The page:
Vieira calls for action over Lazio's 'racial taunts'

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The Independent Football

Patrick Vieira yesterday spoke out against the racist abuse he received during Arsenal's impressive draw against Lazio in Rome and called for Uefa, European football's ruling body, to take action.

Patrick Vieira yesterday spoke out against the racist abuse he received during Arsenal's impressive draw against Lazio in Rome and called for Uefa, European football's ruling body, to take action.

Vieira, who maintained a tight rein on his notoriously short fuse throughout Tuesday's match, claimed Sinisa Mihajlovic, Lazio's Yugoslav defender, had repeatedly called him "a f***ing black monkey". Vieira's comments were backed up by his team-mate, Gilles Grimandi, who also claimed Lazio players had spat at the Arsenal team. Mihajlovic last night responded by claiming Vieira had started the exchanges by calling him a "gypsy".

Grimandi was less successful than Vieira at keeping his temper in check and is likely to be investigated by Uefa after he appeared to strike Diego Simeone during the match. The Argentine, who needed six stitches, may be in trouble himself after reportedly waiting for Grimandi in the players' tunnel and having to be restrained by officials from attacking the Frenchman. Other players could also be punished after a fracas broke out after the final whistle which took the gloss off an excellent Arsenal performance. Eighteen months ago Christophe Dugarry missed the Uefa Cup final after being suspended following a similar incident at the end of Marseilles' semi-final in Bologna.

Uefa said yesterday it had received the report of the German referee, Helmut Krug, but would not act until receiving one from their match delegate, Pierini Lardi of Switzerland. Krug booked five players, including Fredrik Ljungberg and Martin Keown of Arsenal, but took no action against Grimandi. However, a Uefa spokesman said it was prepared to act on video evidence, as it did when Lee Dixon received a one-match suspension two years ago for "play-acting" during a tie with Lens. Uefa also stressed it was against any form of racist behaviour but, as Vieira ruefully admitted, on-pitch abuse, if not heard by the referee, is hard to prove.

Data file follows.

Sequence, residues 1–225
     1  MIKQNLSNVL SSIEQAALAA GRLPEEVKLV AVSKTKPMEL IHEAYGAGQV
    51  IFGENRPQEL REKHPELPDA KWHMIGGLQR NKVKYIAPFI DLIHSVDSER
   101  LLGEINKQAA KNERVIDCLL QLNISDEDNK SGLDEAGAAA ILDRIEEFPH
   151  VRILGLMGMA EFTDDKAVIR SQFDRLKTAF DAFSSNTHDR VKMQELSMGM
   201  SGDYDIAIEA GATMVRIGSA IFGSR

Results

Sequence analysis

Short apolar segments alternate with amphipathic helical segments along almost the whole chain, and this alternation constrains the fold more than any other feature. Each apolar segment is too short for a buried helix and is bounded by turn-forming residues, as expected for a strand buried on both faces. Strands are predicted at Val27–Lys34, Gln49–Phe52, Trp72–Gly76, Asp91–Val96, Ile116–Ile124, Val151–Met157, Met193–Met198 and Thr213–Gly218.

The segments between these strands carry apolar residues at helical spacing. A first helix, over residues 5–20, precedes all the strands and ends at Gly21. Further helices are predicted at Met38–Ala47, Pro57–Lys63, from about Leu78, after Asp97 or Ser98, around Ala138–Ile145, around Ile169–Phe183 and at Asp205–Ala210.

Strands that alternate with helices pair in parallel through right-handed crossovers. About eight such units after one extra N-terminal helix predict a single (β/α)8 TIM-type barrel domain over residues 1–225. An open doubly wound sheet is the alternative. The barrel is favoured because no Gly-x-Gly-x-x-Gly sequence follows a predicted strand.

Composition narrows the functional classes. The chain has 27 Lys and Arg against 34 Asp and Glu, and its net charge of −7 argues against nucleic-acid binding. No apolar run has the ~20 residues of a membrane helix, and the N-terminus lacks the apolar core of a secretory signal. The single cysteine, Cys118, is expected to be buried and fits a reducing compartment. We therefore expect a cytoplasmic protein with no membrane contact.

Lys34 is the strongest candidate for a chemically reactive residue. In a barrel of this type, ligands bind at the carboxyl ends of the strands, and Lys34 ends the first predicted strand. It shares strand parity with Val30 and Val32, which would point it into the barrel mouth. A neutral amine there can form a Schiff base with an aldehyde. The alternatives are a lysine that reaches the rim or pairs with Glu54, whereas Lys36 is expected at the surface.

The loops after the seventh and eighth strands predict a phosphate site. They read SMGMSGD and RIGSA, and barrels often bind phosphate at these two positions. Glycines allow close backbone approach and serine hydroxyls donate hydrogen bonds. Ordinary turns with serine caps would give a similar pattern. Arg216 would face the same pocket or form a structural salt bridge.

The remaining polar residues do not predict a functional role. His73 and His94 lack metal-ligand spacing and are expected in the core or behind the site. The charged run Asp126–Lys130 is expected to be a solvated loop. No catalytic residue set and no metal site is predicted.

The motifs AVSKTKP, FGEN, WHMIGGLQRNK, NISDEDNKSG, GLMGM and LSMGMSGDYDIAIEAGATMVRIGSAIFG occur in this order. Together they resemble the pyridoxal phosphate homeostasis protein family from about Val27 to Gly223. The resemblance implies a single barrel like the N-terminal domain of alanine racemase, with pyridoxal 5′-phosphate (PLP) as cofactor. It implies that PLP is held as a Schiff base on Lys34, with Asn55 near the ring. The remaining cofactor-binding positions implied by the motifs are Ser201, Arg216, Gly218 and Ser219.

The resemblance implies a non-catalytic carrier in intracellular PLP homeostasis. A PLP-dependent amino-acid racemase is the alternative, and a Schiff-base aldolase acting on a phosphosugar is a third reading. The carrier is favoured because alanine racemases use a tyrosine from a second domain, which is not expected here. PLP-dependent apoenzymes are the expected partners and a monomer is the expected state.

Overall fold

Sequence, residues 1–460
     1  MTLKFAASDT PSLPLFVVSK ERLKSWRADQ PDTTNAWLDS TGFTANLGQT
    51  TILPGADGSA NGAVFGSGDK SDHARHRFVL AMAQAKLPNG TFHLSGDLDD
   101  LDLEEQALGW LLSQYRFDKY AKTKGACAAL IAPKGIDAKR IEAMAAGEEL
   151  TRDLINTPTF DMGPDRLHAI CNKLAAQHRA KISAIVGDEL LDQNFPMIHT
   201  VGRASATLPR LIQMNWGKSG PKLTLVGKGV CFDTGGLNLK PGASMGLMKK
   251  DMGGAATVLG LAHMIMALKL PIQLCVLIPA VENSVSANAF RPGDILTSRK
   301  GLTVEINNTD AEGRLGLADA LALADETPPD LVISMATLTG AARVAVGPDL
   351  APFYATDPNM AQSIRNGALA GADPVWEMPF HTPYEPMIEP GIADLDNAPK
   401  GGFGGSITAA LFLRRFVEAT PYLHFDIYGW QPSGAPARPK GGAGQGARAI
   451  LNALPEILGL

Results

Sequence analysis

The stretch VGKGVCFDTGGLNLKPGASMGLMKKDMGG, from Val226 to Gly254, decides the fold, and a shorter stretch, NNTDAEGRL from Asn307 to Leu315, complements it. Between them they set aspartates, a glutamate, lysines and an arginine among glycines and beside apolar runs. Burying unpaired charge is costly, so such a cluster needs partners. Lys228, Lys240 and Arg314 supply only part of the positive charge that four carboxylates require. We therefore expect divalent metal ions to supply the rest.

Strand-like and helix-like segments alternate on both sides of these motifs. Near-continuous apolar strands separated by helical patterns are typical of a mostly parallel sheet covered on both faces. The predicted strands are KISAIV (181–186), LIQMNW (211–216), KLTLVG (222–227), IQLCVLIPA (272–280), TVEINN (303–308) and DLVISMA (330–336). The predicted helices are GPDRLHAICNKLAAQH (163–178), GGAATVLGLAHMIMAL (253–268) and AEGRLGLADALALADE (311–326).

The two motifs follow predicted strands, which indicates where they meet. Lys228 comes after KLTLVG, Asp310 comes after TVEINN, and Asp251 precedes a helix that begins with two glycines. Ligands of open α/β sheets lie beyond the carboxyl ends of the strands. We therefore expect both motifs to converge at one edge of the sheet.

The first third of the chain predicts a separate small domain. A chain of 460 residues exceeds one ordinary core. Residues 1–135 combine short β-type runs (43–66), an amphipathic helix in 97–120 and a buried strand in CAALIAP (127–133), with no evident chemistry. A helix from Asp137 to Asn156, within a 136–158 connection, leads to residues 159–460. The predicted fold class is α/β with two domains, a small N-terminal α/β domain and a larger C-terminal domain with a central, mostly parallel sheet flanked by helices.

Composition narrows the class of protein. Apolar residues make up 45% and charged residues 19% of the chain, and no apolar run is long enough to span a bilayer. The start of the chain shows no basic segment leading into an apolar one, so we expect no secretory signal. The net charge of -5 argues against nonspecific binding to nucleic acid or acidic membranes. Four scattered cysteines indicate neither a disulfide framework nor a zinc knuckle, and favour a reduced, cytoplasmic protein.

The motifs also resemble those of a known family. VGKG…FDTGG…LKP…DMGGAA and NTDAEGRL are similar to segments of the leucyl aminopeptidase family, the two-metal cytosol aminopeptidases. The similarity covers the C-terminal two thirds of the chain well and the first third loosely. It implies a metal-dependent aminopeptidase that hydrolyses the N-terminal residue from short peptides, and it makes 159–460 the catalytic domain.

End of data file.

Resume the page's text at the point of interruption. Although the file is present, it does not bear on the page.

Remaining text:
Vieira said: "When a fan does it it is stupid but you can do something about it. They can be identified. When a player does it it is unbelievable but difficult to prove. It was the worst abuse I have ever heard, even when I have had problems in the Premiership it has been nothing like this. It never stopped from the moment the teams were shaking hands at the start.

"He did it in the first game at Highbury and I thought maybe it was just because we won the game that he was upset. I told him he'd said enough. What is really surprising is it has come from a player who is a foreigner in Italy. I asked some of the other Lazio players if they could hear it and they apologised and said he's stupid, he's always like that. You could see in his eyes that he was really thinking about what he said. It was very hurtful and difficult to accept when another pro player says things like that.

"I feel I have to speak out about this because something must be done. You have to tell the truth. It cannot to go on like this. Whether you are black, white or yellow, things like this should not go on in the year 2000."

The incident, worryingly, is not a one-off. Mihajlovic is alleged to have abused Patrick Kluivert in Euro 2000, the Dutchman responding by scoring a hat-trick in the Netherlands' 6-1 quarter-final win.

Although Mihajlovic last night admitted he had referred to Vieira's colour, he denied that the insults were racist. The club also issued a statement condemning "the mocking chorus of a few hundred imbeciles" who jeered Arsenal's black players.

Racist abuse is also commonplace in matches involving Eastern European teams, especially Yugoslav ones. Last month Red Star Belgrade were fined £15,000 after Leicester City's Ade Akinbiyi and Andy Impey were abused by Yugoslav supporters in a Uefa Cup tie, while earlier in the year Emile Heskey was abused by Yugoslav spectators during an Under-21 international.

Nwankwo Kanu and Vieira were abused by the Czech crowd when Arsenal played in Prague earlier this season and Sol Campbell was abused in Bulgaria last summer while playing for England.

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